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To think that the UK could offer to buy the Elgin Marables off the Greek govement

(16 Posts)
ReallyTired Mon 09-Feb-15 11:53:14

Years ago the Elgin Marbles were stolen from Greece and given to Elgin. Understandably the Greeks want them back. (I think the Turks orgninally stole them.)

www.britishmuseum.org/explore/highlights/articles/w/what_are_the_elgin_marbles.aspx

I think that the Greeks do have a case for demanding the marbles back as they were not the Turks to give.

At the moment the Greeks are in dire straits financially. They are wanting financial aid from a lot of countries. They have impossible loans that they have no hope of repaying. Could the Greeks have some of their debt written off in return for letting the Marbles tour all the major European museums? The Marables would be the property of the EU rather than the property of Greece. The marables could spend six months in each member state in rotation.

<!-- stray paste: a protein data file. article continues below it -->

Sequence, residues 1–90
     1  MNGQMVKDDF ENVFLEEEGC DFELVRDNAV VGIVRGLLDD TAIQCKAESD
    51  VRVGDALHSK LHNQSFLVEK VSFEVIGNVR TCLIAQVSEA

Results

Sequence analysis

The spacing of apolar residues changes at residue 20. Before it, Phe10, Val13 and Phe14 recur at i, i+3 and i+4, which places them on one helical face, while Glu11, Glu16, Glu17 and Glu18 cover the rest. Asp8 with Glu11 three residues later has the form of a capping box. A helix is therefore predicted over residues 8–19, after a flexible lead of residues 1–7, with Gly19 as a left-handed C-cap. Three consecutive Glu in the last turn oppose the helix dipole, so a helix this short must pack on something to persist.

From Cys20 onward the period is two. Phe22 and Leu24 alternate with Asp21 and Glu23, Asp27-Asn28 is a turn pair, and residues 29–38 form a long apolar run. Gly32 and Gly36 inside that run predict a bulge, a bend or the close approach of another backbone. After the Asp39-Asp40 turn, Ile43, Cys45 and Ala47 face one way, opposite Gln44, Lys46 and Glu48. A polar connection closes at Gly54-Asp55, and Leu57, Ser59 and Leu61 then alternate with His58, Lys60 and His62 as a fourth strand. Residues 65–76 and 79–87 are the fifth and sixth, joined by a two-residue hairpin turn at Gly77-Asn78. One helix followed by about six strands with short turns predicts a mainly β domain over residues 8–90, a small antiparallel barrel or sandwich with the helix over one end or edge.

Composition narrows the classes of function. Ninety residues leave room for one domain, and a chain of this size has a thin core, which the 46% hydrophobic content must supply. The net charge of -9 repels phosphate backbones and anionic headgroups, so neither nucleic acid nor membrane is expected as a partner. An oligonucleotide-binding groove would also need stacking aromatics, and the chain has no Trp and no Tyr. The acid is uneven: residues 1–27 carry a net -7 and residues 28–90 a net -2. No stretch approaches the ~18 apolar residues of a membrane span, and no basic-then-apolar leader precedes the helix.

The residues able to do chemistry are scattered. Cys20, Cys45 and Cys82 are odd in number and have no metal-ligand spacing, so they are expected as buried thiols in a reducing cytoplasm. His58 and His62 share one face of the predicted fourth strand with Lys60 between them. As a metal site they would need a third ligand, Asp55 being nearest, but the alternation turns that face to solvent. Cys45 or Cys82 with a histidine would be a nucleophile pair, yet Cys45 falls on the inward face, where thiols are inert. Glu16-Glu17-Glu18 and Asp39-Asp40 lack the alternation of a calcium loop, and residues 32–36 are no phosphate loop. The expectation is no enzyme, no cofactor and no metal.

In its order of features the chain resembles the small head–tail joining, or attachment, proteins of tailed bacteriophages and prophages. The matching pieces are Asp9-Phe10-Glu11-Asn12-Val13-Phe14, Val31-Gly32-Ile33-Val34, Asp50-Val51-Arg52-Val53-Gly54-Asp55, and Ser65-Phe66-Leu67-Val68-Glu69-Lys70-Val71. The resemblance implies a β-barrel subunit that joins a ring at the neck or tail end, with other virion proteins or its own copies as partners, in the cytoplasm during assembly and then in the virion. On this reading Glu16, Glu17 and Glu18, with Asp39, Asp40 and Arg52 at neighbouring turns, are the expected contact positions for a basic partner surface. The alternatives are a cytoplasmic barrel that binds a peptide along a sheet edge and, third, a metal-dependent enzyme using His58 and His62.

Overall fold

I realise that someone would say that the marbles are priceless, but autesity is causing terrible hardship in Greece.

Alisvolatpropiis Mon 09-Feb-15 12:00:00

I don't think Greece would accept an offer, that's the thing. They want the Elgin Marbles back.

Alisvolatpropiis Mon 09-Feb-15 12:00:23

It is a good idea though.

TheFairyBlackstick Mon 09-Feb-15 12:02:12

The marbles have already been paid for: Lord Elgin bought them for the (then) enormous sum of £39,000 from the government of the day.

MoanCollins Mon 09-Feb-15 12:02:47